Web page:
At the end of 2019, a new disease caused by the novel coronavirus SARS-CoV-2 appeared in Wuhan Province in China. Children seemed to be infected less frequently than adults, and family clusters seemed to play an important role in the spread of the pandemic. The aim of this study is to evaluate the serological profile of children and young adults between 4 and 16 years of age in order to assess the transmission patterns of COVID-19 between cohabitants. The subjects lived with at least one cohabitant who tested positive for the disease using a nasopharyngeal swab. To avoid contact with the disease, families were interviewed by telephone. Forty-nine children and adolescents with a mean age of 11 years were then subjected to a rapid lateral flow chromatographic test. Of them, seven (14.3%) were immunoglobulin G (IgG)-positive, and four (8.2%) were immunoglobulin M (IgM)-positive. In total, 16.3% of the tested sample had antibodies against SARS-CoV-2: this may confirm the lower vulnerability of children to COVID-19, despite the small sample size. The time from the negativization of the cohabitant until the test day may have influenced the results, especially when this timeframe is wide. Full article
(This article belongs to the Special Issue Basics of Hygiene in Public Health and Health Promotion)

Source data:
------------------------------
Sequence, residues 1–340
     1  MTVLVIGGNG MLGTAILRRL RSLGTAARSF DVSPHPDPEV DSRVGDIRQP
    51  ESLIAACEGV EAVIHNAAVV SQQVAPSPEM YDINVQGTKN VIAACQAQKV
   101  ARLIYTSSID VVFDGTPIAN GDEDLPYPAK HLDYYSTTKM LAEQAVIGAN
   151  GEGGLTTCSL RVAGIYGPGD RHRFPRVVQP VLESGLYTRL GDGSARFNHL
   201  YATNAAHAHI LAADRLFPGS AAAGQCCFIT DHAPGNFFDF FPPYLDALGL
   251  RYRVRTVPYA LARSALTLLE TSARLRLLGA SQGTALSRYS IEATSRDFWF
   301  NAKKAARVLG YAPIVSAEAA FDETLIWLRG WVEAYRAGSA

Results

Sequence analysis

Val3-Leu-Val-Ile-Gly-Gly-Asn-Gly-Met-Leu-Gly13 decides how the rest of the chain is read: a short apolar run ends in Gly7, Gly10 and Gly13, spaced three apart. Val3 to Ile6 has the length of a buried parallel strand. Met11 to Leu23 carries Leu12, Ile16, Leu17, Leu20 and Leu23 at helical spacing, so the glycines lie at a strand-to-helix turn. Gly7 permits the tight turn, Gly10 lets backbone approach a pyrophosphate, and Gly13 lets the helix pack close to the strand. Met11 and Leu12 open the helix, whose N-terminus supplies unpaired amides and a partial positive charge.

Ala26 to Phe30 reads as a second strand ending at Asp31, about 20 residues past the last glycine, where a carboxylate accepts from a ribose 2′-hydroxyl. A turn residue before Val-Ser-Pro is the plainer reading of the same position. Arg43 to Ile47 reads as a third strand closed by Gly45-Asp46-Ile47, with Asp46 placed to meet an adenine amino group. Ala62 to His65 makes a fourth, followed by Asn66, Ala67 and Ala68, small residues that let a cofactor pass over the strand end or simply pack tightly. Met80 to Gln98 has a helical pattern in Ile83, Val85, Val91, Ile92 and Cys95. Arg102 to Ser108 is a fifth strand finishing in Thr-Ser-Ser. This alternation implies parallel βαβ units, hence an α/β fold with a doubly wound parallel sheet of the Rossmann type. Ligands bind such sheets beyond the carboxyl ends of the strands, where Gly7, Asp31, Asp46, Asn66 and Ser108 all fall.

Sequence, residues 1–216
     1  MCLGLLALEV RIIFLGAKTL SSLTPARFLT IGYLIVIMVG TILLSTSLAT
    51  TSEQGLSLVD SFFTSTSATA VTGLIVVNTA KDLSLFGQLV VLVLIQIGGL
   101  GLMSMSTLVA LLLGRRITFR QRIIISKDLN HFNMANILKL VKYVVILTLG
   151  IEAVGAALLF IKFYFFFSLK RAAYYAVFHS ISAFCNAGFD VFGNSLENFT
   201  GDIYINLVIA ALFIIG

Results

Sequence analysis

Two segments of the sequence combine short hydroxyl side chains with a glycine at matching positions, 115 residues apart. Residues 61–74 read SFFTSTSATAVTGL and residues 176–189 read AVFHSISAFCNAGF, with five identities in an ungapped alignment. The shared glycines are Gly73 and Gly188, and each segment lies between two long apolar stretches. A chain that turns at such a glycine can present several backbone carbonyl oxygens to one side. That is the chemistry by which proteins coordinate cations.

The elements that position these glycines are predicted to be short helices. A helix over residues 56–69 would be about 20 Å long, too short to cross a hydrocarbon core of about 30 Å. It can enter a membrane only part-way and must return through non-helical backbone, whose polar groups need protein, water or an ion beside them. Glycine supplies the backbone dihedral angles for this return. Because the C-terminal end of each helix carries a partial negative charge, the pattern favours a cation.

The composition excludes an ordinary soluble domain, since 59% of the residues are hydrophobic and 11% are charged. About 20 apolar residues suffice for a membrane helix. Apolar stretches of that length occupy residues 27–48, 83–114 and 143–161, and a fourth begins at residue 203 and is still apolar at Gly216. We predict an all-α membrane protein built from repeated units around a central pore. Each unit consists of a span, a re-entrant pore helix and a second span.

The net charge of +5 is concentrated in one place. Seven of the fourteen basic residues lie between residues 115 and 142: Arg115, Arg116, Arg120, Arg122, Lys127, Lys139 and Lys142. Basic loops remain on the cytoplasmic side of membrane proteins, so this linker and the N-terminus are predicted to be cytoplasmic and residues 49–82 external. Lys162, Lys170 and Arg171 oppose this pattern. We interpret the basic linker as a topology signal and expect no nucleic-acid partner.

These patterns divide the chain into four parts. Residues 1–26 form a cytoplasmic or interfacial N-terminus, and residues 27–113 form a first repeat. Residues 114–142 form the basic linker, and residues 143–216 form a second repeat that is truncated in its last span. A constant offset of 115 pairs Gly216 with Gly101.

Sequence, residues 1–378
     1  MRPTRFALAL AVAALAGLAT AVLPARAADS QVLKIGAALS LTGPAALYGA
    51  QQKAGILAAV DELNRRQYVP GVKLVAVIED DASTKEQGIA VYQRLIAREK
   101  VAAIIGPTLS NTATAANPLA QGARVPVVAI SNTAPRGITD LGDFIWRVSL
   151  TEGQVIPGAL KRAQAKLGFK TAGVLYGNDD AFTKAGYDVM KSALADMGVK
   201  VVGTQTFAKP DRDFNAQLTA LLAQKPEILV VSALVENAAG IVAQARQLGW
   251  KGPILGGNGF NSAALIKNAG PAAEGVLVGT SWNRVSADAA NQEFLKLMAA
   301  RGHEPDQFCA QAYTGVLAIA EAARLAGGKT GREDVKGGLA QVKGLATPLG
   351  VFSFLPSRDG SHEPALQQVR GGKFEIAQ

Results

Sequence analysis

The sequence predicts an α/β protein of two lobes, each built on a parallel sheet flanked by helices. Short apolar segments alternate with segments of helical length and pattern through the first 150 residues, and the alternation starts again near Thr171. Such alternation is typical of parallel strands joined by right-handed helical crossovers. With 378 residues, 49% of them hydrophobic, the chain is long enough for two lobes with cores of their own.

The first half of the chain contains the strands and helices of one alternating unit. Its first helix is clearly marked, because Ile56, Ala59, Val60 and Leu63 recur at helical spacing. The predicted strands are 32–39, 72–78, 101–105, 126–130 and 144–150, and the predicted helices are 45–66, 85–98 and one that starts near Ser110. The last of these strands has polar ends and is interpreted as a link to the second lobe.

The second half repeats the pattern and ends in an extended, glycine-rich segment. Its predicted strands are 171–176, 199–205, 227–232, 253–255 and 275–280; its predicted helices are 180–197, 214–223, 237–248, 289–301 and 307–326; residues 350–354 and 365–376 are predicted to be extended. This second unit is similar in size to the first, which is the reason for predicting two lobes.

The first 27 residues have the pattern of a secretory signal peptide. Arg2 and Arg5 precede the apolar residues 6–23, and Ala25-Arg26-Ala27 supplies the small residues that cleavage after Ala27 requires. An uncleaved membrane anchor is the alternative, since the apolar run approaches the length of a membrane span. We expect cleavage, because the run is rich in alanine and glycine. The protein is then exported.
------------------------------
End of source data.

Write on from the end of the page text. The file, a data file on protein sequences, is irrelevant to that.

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Review

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Review
Encountering Parents Who Are Hesitant or Reluctant to Vaccinate Their Children: A Meta-Ethnography
Int. J. Environ. Res. Public Health 2021, 18(14), 7584; https://0-doi-org.brum.beds.ac.uk/10.3390/ijerph18147584 - 16 Jul 2021
Viewed by 474
Abstract
(1) Background: Health professionals play an important role in addressing parents who are hesitant or reluctant to immunise their children. Despite the importance of this topic, gaps remain in the literature about these experiences. This meta-ethnography aimed to synthesise the available body of [...] Read more.
(1) Background: Health professionals play an important role in addressing parents who are hesitant or reluctant to immunise their children. Despite the importance of this topic, gaps remain in the literature about these experiences. This meta-ethnography aimed to synthesise the available body of qualitative work about the care experiences of community and hospital health professionals in encounters with parents hesitant or reluctant to vaccinate their children. The aim is to provide key information for the creation of strategies that address vaccine hesitancy or refusal and ensure public trust in vaccination programs, which are required in a pandemic context such as the current one. (2) Methods: Noblit and Hare’s interpretive meta-ethnography of 12 studies was followed. A line of argument synthesis based on a metaphor was developed. (3) Results: The metaphor “The stone that refuses to be sculpted”, accompanied by three themes, symbolises the care experiences of health professionals in their encounters with parents that hesitate or refuse to vaccinate their children. (4) Conclusions: The creation of clearer communication strategies, the establishment of a therapeutic alliance, health literacy and the empowerment of parents are recommended. The incorporation of health professionals in decision making and the strengthening of multidisciplinary teams interacting with such parents are also included. Full article
(This article belongs to the Special Issue Basics of Hygiene in Public Health and Health Promotion)